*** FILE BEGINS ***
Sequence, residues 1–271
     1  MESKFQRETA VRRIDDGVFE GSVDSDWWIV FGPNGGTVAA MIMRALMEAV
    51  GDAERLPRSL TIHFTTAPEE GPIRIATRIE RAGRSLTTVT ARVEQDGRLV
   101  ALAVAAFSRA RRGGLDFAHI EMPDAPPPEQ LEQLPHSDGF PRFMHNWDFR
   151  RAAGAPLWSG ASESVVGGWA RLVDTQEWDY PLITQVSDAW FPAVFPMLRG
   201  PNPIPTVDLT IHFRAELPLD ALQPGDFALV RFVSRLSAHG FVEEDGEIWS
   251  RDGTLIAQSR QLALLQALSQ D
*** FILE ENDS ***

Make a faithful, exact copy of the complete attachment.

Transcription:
Sequence, residues 1–271
     1  MESKFQRETA VRRIDDGVFE GSVDSDWWIV FGPNGGTVAA MIMRALMEAV
    51  GDAERLPRSL TIHFTTAPEE GPIRIATRIE RAGRSLTTVT ARVEQDGRLV
   101  ALAVAAFSRA RRGGLDFAHI EMPDAPPPEQ LEQLPHSDGF PRFMHNWDFR
   151  RAAGAPLWSG ASESVVGGWA RLVDTQEWDY PLITQVSDAW FPAVFPMLRG
   201  PNPIPTVDLT IHFRAELPLD ALQPGDFALV RFVSRLSAHG FVEEDGEIWS
   251  RDGTLIAQSR QLALLQALSQ D